The Graduate School of Religion and Religious Education has received two gifts that will support the school’s students and community partnerships for years to come.
Earlier this year, the school established its first named endowed scholarship in honor of Michael Fukuchi, a recently deceased alumnus who made a planned gift to support students at his alma mater. And in August, GRE’s created its first named gift fund, thanks to generous support from Jack Knight, a Gabelli School of Business graduate who received his MBA in 1984. The fund will support GRE’s work in the community.
“GRE is built on grace and gift. To the Ignatian vision of teaching and learning for solidarity, service, and justice, I must add gratitude. Michael Fukuchi, Jack Knight, all our benefactors for the past 50 years, as well as our colleagues at DAUR have empowered us to live our school’s vision passionately. To them, we give thanks,” said Faustino “Tito” Cruz, S.M., dean of GRE. “And now, we must give as gift the gifts we have received by becoming resonant leaders in community engaged partnerships and transformative education.”
Fukuchi graduated from GRE in 1970 with a master’s degree in religious education. He spent nearly 40 years working at Barton College, a private liberal arts college in North Carolina, where he taught classes in freshman composition, world literature, Asian literature, Chaucer, Middle English literature, science fiction/fantasy literature and film, and more. When he passed away this past winter, he left behind $133,000 to help fund the studies of students at his alma mater, with preference given to those with ties to North Carolina or his native Hawaii.
The Sarah and Jack Knight Fund for Pastoral Innovation and Practice, established with an initial gift of $50,000 from Jack Knight, will support the school’s 50th anniversary initiative to nurture a close relationship with the University’s neighbors in the Bronx.
“‘Pastoral’ is a faith-based response to a human need—the needs of a community. ‘Innovation’ means we’re going to address the needs of a community by directly listening to them and what they need,” said Dean Cruz, explaining the meaning behind the new fund’s name. “And ‘Practice’ because it is an invitation for the community to transform itself into a community of leaders. We’re not walking into a community to change them—we want to change them with them so they themselves become active agents of change within the community and beyond, continuing to help their neighbors and others.”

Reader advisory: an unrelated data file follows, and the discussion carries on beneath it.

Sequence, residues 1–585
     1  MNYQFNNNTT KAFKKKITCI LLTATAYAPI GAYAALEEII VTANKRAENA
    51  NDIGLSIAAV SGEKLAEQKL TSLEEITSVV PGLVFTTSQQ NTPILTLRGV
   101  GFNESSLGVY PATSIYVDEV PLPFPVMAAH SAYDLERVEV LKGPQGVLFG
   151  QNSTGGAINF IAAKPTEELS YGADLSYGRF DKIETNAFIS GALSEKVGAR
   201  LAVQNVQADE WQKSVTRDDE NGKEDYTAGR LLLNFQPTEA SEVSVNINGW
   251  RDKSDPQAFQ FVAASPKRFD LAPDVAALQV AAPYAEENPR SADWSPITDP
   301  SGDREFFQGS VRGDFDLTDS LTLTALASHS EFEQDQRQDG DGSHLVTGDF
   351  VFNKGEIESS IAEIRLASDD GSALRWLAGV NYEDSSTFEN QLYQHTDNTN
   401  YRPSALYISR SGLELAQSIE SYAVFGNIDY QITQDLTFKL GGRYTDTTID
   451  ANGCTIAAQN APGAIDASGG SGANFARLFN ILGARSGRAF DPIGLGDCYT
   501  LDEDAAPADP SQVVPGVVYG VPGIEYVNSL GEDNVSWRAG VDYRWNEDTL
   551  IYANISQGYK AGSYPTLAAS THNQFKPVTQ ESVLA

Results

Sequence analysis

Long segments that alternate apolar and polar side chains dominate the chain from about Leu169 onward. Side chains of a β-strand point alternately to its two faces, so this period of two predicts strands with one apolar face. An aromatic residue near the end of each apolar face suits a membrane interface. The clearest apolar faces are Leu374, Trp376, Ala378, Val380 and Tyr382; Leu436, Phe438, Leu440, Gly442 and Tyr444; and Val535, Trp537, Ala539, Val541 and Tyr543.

Though Knight is not a GRE graduate, he said he was inspired by a recent discussion with Dean Cruz in which they spoke about what it means to live your faith in the community.
“If you’re going to live the gospel, you need to do it in the community, and you need to do it through your actions—not just by speaking and spouting quotations from scripture,” Knight said by phone.
Knight has served in various leadership roles in financial services, including senior vice president and division manager at Wells Fargo Bank and national director at First Republic Bank, since 1978. His wife, Sarah, who passed away in 2016, worked in the same industry as her husband, in addition to airline services in Los Angeles and New York.
When the couple moved to Southern California, they taught religious education in their local parish. Knight, who earned a master’s degree in religious studies from Mount Saint Mary’s University and now serves as a board member on the school’s regents’ council, taught eighth graders; his wife taught second graders preparing for Holy Communion.
While teaching, Knight began to think more critically about what it means to teach religion. He said he had grown up with the Baltimore Catechism, a standard Catholic school text steeped in memorization, but as an adult, he didn’t think that was an appropriate way to communicate faith. He went to Mount Saint Mary’s to find answers. It was there that he learned the importance of going out and living the gospel.
These days, he lives his faith in the best way he can—by giving back to the community, he said.
“In my life, it’s the Jesuit tenet that I’ve come to appreciate more and more, the older I get,” Knight said. “To be women and men for others.”